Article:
Russell Martin began the rally with a single. He took second on defensive indifference before Derek Jeter struck out. Suzuki got his first career postseason home run by pulling a low liner into the right field stands. Such homers are often known as rally killers because they clear the bases with a deficit still facing the team at bat. And when Robinson Cano struck out on high gas and Mark Teixeira fell behind 0-2 in the count, the Yankees appeared doomed.
I was thinking my usual thoughts about Teixeira in those situations – why not bunt when the defense is in an over-shift to the right side leaving most of the left side vulnerable? Even if Tex had hit a home run, it would not have tied the score. The Yankees needed a base runner at that time, and the Tigers were essentially conceding him first base.
Of course, once the count got to 0-2 that thought had to go out the window. Teixeira did the next best thing – he worked out a walk, which gave Ibanez, this year’s postseason batting hero for the Yankees, an opportunity to create more drama. And he came through again by driving a splitter that stayed up over the right field fence that brought the Yankees all the way back.
The Yankees loaded the bases in each of the first two innings of ALCS Game 1 but failed to score with each frame ending with a close play for the third out. One call by an umpire was correct. One was not.
Tigers starter Doug Fister walked Derek Jeter to begin the home first and issued two more free passes after two were out. Alex Rodriguez hit a hard grounder that shortstop Jhonny Peralta gloved with a back-hand stab. Peralta threw to second for a force on Raul Ibanez. The play was close, but second base umpire Sam Holbrook got it right.
The second inning was another story. Two-out singles by Russell Martin, Jeter and Ichiro Suzuki had the bases jammed again. Ichiro’s hit was in the infield, which is why Martin could not score. Robinson Cano then hit a one-hopper to the mound that caromed off Fister’s body to Peralta, who threw to first base to get the final out.
Or did he? First base umpire Rob Drake called Cano out, but video replays clearly indicated that Cano’s foot was on the base before the ball was in first baseman Prince Fielder’s glove. A crucial call went against the Yankees.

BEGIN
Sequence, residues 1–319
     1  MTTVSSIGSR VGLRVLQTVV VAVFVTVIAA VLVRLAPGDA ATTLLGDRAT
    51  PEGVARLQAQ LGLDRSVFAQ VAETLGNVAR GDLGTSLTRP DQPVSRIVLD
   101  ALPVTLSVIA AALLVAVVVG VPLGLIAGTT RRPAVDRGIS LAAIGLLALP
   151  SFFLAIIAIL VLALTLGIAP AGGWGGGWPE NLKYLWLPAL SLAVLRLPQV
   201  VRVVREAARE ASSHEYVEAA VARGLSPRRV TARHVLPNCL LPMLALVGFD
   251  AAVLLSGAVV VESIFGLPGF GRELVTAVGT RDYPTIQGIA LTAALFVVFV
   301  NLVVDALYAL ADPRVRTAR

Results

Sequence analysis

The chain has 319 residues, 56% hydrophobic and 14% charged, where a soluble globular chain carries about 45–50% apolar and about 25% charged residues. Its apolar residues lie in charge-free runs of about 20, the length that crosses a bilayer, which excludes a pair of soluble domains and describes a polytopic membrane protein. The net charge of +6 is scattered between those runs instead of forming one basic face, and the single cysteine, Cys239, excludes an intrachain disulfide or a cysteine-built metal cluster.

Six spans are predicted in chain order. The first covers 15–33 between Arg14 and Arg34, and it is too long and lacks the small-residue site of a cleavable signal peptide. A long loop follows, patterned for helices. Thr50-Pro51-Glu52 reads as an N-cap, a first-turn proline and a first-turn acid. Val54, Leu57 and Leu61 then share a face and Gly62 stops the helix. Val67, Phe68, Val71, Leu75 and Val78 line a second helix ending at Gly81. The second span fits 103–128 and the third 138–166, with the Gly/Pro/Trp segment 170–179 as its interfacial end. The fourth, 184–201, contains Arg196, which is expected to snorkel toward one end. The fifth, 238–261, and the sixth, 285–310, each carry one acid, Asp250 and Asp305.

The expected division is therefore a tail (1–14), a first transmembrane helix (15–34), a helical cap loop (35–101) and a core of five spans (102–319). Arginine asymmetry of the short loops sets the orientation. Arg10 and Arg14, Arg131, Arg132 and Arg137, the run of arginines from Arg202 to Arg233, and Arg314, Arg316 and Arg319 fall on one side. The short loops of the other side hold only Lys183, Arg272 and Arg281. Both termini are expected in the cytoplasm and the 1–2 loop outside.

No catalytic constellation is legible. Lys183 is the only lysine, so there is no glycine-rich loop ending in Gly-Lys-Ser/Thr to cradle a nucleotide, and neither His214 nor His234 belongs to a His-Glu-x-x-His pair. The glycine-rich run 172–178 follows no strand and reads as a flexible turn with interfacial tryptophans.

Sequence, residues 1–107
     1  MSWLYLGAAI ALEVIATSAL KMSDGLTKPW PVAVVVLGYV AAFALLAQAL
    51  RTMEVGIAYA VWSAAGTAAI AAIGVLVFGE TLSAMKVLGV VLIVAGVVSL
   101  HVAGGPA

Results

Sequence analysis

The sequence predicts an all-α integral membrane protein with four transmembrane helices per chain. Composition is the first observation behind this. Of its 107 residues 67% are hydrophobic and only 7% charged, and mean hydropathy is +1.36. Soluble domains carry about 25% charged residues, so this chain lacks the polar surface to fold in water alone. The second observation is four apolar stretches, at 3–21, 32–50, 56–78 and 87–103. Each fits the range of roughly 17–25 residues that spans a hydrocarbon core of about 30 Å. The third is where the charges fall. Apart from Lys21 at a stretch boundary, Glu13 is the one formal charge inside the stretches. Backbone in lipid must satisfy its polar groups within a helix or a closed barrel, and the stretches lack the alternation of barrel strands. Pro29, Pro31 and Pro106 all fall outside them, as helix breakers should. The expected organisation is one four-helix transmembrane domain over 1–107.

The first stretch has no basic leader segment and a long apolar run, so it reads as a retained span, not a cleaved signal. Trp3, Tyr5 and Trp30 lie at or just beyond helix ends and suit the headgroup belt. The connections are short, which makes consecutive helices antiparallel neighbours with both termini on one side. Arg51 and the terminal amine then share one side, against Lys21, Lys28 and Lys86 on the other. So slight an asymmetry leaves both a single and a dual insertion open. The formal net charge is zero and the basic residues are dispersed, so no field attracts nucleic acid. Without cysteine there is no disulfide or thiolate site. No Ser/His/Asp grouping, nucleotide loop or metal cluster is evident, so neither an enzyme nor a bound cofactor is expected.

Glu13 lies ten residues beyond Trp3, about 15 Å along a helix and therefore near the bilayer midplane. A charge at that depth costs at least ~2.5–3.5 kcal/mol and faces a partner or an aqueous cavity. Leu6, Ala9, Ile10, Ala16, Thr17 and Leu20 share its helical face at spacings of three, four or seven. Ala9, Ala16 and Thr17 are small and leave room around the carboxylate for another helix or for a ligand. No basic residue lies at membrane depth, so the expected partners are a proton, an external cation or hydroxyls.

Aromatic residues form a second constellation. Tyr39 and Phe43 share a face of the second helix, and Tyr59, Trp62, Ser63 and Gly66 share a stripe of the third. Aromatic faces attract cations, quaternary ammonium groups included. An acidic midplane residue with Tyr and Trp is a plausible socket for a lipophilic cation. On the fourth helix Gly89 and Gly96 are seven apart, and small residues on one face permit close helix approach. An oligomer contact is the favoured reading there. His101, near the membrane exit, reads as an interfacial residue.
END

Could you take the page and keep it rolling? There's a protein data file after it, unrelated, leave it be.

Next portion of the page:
Derek Jeter’s RBI triple with two out in the third inning that tied the score at 1 may have come at a dear cost. The captain was moving quite gingerly when he went out to the field the next inning. Jeter has been bothered by a bone bruise in his left ankle the past month. It looked throughout the inning that he was trying to shake off the pain. The Captain barely moved to make an attempt to field a ground single to left by Adam Jones.
Jeter had Jones to thank in large part for the triple that scored Russell Martin, who had doubled to left with one out. Jones was playing shallow and misjudged Jeter’s drive to deep right-center that bounced in front of the fence. Jones was so blasé tracking the ball that he even blew a bubble with his gum before reaching in vain for the hit.
Manager Joe Girardi and head trainer Steve Donohue were seen talking to Jeter after he returned to the dugout. It is easy to figure out what Jeter said, something about intending to keep playing, no doubt.
It has been a characteristic of the Yankees since Mariano Rivera has been with them – especially during postseason play – that they find a way to beat up an opponent’s closer while the opponent seldom, almost never, gets to touch Mo. Be it a Kent Mercker or an Arthur Rhodes or a Trevor Hoffman or an Armando Benitez or a practically anybody, the Yankees never feared the other team’s closer as much as the other guys feared Rivera.
Now the great Rivera is on the sidelines for this postseason, but his mates followed their history Sunday night by mugging Orioles closer Jim Johnson in the ninth inning to put up a 5-spot that turned a 2-2 nail biter into a 7-2 laugher in Game 1 of the American League Division Series. The Yankees did not even need Mo’s replacement, Rafael Soriano, to get into the game as starter CC Sabathia came within one out of his first career postseason complete game.
Make no mistake; Sabathia played the major role in this victory. The lefthander was hurt by one pitch, a hanging slider that Nate McLouth lined into right field for a two-run single in the third inning. CC was at his best in the eighth after giving up a leadoff double to right by J.J. Hardy. Sabathia got a huge strikeout of Adam Jones, sawed off the bat of Matt Wieters, who fouled out to first baseman Mark Teixeira, and ended the threat by getting a grounder to shortstop by Mark Reynolds, who smacked seven home runs off Yankees pitching during the regular season with CC among the victims.
Frankly, it was the kind of performance that Johnson routinely gave the Orioles all season when the righthander posted a league-leading 51 saves. Big deal, the Yankees might have thought. They have found ways to clobber other closers. Now it was their turn to do it to Johnson. It did not take long, either.